VAWA's Tribal Provisions Better Protect Native Women Locally

May 14, 2012

Helena, Mont. --  Dianne Millich, a member of the Southern Ute Indian Tribe in Colorado, already knows better than anyone about the importance of the tribal provisions in the Violence Against Women Reauthorization Act, S. 1925, which was passed by the Senate with strong bipartisan support.  She is a survivor of violent domestic abuse that has gone unprosecuted for two reasons:  she lives on tribal land and her attacker was a non-Indian.  On May 8th, the House Judiciary Committee marked up and passed H.R. 4970, a stripped-down VAWA that excludes a number of key provisions found in the Senate bill, including those bearing on the safety of Native women and communities.  During markup, the Committee refused to allow debate or even to consider a substitute amendment offered by Ranking Member John Conyers (D-MI) similar to S. 1925. 

At the core of the debate is whether the VAWA reauthorization will include tribal provisions to address jurisdictional gaps in federal law--gaps that fail to protect Native women from domestic violence, dating violence, and violations of protection orders by non-Indians. 

“All of these types of crimes, some 88% of which are committed by non-Indians, are prevalent on Indian reservations and threaten the lives of Native women daily,” said Jana Walker, senior attorney and director of the Indian Law Resource Center's Safe Women, Strong Nations project.  According to the Census Bureau, 77% of the population living on reservations and other Indian lands are now non-Indians.  Over 50% of Native women are married to non-Indians.  To Millich, legislation, such as S. 1925, would not only protect her, but also thousands like her.  Right now, she says the legal system has already shown that violence against her, an American Indian woman, has no legal consequences. 

“I left and returned to my husband more than 20 times.” said Millich. “After a year of abuse and more than 100 incidents of being slapped, kicked, punched, and living in horrific terror I left for good.  But the violence didn't stop.”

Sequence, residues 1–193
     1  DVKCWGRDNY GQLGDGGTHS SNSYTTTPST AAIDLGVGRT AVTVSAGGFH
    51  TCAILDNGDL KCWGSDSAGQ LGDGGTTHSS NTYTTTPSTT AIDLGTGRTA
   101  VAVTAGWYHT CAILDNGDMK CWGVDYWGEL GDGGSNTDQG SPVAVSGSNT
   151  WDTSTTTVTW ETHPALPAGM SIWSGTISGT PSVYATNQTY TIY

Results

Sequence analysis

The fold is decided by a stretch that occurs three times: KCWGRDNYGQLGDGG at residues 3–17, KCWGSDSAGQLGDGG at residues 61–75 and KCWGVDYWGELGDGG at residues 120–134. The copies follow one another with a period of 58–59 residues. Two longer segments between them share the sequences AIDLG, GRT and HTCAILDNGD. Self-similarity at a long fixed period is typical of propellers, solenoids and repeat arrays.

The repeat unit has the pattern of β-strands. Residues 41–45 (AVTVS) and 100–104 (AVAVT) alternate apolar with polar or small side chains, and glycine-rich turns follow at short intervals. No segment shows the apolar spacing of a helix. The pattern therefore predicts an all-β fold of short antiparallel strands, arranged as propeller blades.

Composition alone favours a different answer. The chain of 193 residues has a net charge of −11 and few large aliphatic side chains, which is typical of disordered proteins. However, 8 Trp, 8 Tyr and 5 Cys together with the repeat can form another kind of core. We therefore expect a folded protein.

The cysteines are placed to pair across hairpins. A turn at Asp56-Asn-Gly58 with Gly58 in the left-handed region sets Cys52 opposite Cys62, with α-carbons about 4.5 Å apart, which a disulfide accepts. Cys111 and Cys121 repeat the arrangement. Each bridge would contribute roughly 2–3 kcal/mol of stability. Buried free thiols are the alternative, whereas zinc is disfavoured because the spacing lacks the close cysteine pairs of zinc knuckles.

Throughout her ordeal, Millich lived with her non-Indian husband on the reservation of her tribe.  She called the Southern Ute Tribal Police repeatedly, but, under existing law, the Tribal Police lacked jurisdiction to arrest and prosecute her husband because he was white.  She also called the La Plata County deputy sheriff, but they lacked jurisdiction to help because she was Indian and lived on tribal land. 

Such crimes typically fall exclusively under federal jurisdiction.  This means that Native women and Native nations must rely on federal officials to prosecute these crimes.  Accordingly, to the government’s own records, U.S. attorneys decline about 67% of all sexual abuse matters referred to them from Indian country.  As a result, non-Indians committing such crimes may act without fear of punishment, allowing a cycle of escalating violence in Native communities.  All this explains the epidemic levels of violence on tribal lands:  34% of Native women will be raped, and 39% will suffer domestic or intimate partner violence.  Native women are 2½ times more likely than other women in this country to be violently assaulted.  “Horrifically, on some reservations, the murder rate for Native women is 10 times the national average.  And all this takes place as Native women are denied meaningful access to justice,” said Juana Majel Dixon, 1st Vice President of the National Congress of American Indians and Co-Chair of the NCAI Task Force on Violence Against Women.

After filing for divorce, Millich’s husband vandalized her home and then showed up at her on-reservation office with a 9mm hand gun.  She survived only because a co-worker pushed her out of the line of fire.  That co-worker was shot in the process.  Her husband fled and was captured two weeks later in New Mexico on drug and weapons charges. 

“The tribal provisions in S. 1925 would offer badly needed improvements for protecting Native women, including offering Native nations jurisdiction to deal with certain misdemeanor crimes of domestic violence by non-Indians against Native women.  Presently, tribal governments are the only governments in America that lack authority to protect their citizens from such crimes. This would increase the ability of tribal governments to exercise some local control aimed at keeping Native women and our communities safe,” added Terri Henry, Co-Chair, NCAI Task Force on Violence Against Women, and Councilwoman, Eastern Band of Cherokee Indians.

To this day, Millich’s husband has not faced charges of domestic violence.  She was left to rebuild her life with no victim compensation. 

“I am a Native woman and my family has lived on our reservation for more than seven generations. The legal system failed me,” said Millich.   

On May 10th, the Congressional Native American Caucus sponsored a bipartisan briefing, "The Violence Against Women Reauthorization Act and Safety for Indian Women," to highlight the importance of the tribal provisions. (See agenda and testimony below.) The full House of Representatives is expected to vote on its VAWA reauthorization bill soon -- as early as mid week.